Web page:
EMIGRATION IN THE DARK.
NEARLY all emigration, even that of the most intelligent and best educated members of the community, is more or less a leap in the dark. The emigrant is far better aware of the ills from which he is escaping, than of the exact nature of the prospects that he has chosen to exchange them for. And remembering how much this is the case of those who leave their native country fairly well provided with knowledge of the life they intend to lead, and with means to assist them towards leading it, one can perhaps realise how hopelessly dark are the prospects of their poorer and more ignorant fellow-countrymen who go forth, driven by the stress of cir- cumstances or tempted by fallacious hopes, unprovided with either the means or the knowledge that should pro- tect them from disappointment. The emigrant, especially if he is one of those who emigrate in masses, is generally utterly ignorant of the country which he is about to adopt, except for the information which he has been given by the agent who has persuaded him to take the momentous step : all that he knows is, that things are very bad with him at home, and he does not think it possible that they can be worse elsewhere. The emigration agent draws before his eyes the most seductive pictures of future comfort and wealth, and actually assures him of the certainty of a daily pay for his labour which is double or treble that which he could ever hope to earn at home : his own sharp and bitter experience of the pinching poverty from which he wishes to escape, and his utter inexperience and ignorance of any land or life except his own, • renders him a credulous and easy victim to one whose only interest in the matter is a fee for every emigrant whom he can induce to land upon the shores of the country that employs him as its agent. There is little cause for surprise that public attention is con- stantly being called to the misery and suffering that this unsatisfactory system produces, or that the German Government, which every year is adopting a more paternal
method of legislation, should have set itself to the task of drawing up a Bill for the regulation of emigration and the proper surveillance of agents who make a business of pro- moting it. That Bill, we learn, will probably be drawn up on lines similar to those adopted by Swiss legislation on the same subject, and will have the possible effect of greatly restricting German emigration. For many reasons we should think it highly undesirable that our Government at home should interfere after a similar fashion; but still, we cannot but wish that greater efforts were made, by the help of our Consuls abroad and the authorities at home, to spread a more accurate knowledge among the poorer classes of the foreign countries that invite them to their shores, and of the kind of treatment they will be likely to experience there. It is hardly possible that the agent who procures emigrants—for the Argentine or the Brazilian Republics, let us say—should not be tempted by the capitation-fee to better his instructions by sending out those who are utterly unfit and unsuited for life in those countries, or to exceed the bounds of truth and draw upon his imagination in depicting the future prospects of his dupes. Some kind of counterblast is necessary to the deceptive promises of this gentleman. The best way of counteracting his influence is by the publication of the letters sent home by disappointed emigrants, a way which provincial newspapers are always willing to adopt ; but one could wish that the knowledge had been spread earlier, and that there had been no reason for such letters.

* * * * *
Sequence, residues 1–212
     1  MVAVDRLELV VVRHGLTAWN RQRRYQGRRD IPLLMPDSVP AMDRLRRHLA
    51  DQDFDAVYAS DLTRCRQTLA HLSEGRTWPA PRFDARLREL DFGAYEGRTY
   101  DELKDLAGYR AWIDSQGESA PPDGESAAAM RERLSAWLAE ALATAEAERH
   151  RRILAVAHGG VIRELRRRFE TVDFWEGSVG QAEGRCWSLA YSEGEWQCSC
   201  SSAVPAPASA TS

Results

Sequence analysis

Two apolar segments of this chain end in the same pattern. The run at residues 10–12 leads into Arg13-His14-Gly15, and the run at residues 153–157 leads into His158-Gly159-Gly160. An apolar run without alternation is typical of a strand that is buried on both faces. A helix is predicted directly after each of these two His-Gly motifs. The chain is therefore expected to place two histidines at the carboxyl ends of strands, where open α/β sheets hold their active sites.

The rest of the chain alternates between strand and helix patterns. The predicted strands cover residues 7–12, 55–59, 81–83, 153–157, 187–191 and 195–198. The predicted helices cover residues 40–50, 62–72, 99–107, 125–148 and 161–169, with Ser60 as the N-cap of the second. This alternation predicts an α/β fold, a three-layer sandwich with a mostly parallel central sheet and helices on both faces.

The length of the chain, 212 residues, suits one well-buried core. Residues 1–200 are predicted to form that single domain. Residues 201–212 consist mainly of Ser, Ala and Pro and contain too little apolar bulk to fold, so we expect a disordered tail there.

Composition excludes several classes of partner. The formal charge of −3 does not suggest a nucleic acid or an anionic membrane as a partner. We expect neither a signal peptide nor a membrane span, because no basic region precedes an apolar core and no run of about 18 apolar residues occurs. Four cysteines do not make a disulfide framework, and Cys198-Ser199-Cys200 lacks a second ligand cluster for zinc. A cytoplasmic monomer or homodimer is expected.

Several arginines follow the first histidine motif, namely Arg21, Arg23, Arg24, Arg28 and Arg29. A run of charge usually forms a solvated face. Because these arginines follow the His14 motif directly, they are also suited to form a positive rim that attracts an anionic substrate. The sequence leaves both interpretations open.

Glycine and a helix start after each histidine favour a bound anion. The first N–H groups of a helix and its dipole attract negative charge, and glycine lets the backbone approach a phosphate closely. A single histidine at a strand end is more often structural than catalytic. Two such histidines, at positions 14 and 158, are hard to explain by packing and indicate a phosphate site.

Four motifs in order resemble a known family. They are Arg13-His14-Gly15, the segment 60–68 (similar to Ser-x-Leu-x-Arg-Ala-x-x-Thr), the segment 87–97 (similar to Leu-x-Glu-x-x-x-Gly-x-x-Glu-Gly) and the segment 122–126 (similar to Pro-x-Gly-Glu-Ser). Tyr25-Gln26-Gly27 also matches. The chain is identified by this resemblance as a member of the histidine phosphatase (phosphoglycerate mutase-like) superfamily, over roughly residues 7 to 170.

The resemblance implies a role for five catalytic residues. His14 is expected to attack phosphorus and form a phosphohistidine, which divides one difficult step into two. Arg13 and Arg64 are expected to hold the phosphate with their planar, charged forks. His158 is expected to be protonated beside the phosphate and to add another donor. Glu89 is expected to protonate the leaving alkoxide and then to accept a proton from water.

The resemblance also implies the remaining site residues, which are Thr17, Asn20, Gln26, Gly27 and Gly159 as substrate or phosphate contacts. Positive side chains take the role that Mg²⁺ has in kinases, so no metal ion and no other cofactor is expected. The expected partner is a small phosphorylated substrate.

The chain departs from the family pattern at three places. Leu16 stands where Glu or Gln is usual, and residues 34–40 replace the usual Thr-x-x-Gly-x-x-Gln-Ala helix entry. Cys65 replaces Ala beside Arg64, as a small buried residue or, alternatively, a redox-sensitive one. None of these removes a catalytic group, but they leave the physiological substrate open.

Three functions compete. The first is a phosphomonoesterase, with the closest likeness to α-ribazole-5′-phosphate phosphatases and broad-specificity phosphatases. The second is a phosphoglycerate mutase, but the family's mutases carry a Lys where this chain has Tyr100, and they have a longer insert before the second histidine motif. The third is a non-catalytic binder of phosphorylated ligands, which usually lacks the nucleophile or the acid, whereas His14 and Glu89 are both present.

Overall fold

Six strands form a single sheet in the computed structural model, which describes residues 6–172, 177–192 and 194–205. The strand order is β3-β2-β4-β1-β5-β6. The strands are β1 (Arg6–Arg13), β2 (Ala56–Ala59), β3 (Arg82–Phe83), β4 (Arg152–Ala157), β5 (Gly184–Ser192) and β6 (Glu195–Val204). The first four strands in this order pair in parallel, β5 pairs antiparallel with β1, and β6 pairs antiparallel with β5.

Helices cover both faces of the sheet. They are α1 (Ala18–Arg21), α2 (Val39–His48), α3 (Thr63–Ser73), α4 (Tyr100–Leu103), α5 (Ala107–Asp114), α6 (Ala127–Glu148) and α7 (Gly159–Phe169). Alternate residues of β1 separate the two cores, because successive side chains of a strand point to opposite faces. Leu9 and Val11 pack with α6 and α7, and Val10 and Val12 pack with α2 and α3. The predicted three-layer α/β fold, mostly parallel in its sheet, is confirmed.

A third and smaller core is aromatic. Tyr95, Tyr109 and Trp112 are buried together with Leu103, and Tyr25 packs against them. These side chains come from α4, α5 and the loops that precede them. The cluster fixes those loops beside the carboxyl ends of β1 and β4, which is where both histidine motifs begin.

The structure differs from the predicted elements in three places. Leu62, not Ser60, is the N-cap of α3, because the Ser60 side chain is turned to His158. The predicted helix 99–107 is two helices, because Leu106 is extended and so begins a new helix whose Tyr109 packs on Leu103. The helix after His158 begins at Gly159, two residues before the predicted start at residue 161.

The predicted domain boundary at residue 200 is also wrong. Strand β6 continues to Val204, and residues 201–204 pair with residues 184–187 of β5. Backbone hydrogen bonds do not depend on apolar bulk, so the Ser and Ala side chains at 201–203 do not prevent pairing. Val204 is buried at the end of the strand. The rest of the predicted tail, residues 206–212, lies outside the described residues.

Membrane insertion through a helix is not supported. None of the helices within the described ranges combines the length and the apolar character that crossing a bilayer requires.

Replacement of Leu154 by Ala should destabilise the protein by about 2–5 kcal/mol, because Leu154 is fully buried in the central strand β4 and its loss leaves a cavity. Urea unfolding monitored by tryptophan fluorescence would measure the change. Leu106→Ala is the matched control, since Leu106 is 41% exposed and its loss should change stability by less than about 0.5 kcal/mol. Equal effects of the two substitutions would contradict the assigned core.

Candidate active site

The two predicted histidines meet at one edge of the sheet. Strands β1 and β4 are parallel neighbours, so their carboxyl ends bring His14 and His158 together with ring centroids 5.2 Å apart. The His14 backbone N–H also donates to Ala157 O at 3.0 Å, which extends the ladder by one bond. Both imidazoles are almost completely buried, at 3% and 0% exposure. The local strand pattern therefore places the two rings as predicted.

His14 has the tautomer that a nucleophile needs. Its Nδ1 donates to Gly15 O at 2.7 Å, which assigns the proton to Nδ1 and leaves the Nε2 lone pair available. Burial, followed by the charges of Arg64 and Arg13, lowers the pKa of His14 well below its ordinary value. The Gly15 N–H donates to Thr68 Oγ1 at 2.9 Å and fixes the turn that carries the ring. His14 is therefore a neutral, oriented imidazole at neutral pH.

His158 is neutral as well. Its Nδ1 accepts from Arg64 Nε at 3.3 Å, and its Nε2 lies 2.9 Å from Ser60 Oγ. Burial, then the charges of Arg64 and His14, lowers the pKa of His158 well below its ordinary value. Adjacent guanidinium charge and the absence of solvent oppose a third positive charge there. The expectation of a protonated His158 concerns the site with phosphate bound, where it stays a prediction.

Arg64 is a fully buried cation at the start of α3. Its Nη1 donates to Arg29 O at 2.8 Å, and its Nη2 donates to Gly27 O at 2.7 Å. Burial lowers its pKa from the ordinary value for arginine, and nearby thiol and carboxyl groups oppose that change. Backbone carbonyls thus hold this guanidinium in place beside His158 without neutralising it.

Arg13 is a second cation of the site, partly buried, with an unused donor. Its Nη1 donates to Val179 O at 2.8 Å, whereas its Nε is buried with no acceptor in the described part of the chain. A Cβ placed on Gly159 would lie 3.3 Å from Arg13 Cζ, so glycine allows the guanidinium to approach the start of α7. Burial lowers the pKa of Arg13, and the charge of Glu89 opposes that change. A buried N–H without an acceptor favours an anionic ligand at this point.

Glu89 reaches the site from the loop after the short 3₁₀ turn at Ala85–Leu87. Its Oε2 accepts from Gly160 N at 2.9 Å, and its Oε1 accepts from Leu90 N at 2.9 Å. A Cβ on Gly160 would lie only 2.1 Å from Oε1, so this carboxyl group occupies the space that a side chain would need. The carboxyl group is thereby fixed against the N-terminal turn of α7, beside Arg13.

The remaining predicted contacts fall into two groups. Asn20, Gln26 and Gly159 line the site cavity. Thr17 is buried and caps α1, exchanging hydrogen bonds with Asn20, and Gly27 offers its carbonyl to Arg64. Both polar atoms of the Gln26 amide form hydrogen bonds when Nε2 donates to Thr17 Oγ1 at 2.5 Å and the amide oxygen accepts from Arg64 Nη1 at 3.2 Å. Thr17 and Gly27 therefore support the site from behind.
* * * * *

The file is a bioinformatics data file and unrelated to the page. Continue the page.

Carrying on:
On Saturday last there arrived at Southampton a woman with her child, who told a story which was probably that of many others besides herself. She had emigrated to the Argentine Republic, together with her husband and her little boy, in search of work. They had found work there, but not of the kind that they expected, nor paid so highly as they anticipated. They had been told, apparently, that work would be paid at the rate of so many dollars, and that each dollar was worth four shillings ; when they arrived there, they found that a dollar was worth one shilling and three-halfpence. The child sickened of yellow-fever, and recovered, but with the loss of its sight : the husband was also attacked, and had to be left behind in the hospital. The woman, whose home was in Dublin, had landed at Southampton utterly penniless, without her husband, and with her blind child. By the kindness of the authorities at Southampton she seems to have been well cared for there, and provided with means to take her home. No doubt the British Consul in Buenos Ayres could tell of hundreds of similar cases. The Italian Consul in the same city would probably know of very few among his own people ; and yet to that country, where the English have gone in hundreds, the Italians have gone in tens of thousands. Much of this difference between the two classes of emigrants is owing, of course, to the greater natural suitability of the Italian to that climate and his greater powers of adaptability ; but much also is owing to the different system of emigration. The Italian Emigration Agent is the emigrant himself. When he has been in the country suffi- cient time to save money for his purpose, he returns to his native country and brings out with him his relations or his friends. Very often he is sent out with that end in view at the expense of his village or his commune. The small country community in Italy is always in constant communication with its members abroad, and receives the best information as to the possibilities of work and the opening for either labour or capital. Of late years, when bad times fell upon the Argentine Republic, the Italian element-there suffered less than any of the other foreign emigrants. Those who had become colonists remained in the country, and supported each other through the crisis; those who were dependent upon their daily wage as navvies or artisans, directly the work stopped, took their passages, and returned quietly to Italy, where they could live more cheaply and wait for better times. In Italy, the note of alarm was sounded at once ; the day that profitable employ- ment was stopped in the Argentine Republic, the Italian emigration ceased also. That is the time that English emigration thither would begin; the agents would be spurred to further efforts by the failure of the Italian emigration, and without those efforts the Englishman would never have been induced to go there at all. There is something very pathetic in the story of this poor woman, who complains that she and her husband could not find the work they were led to expect, or the pay that they were promised. It was hardly probable that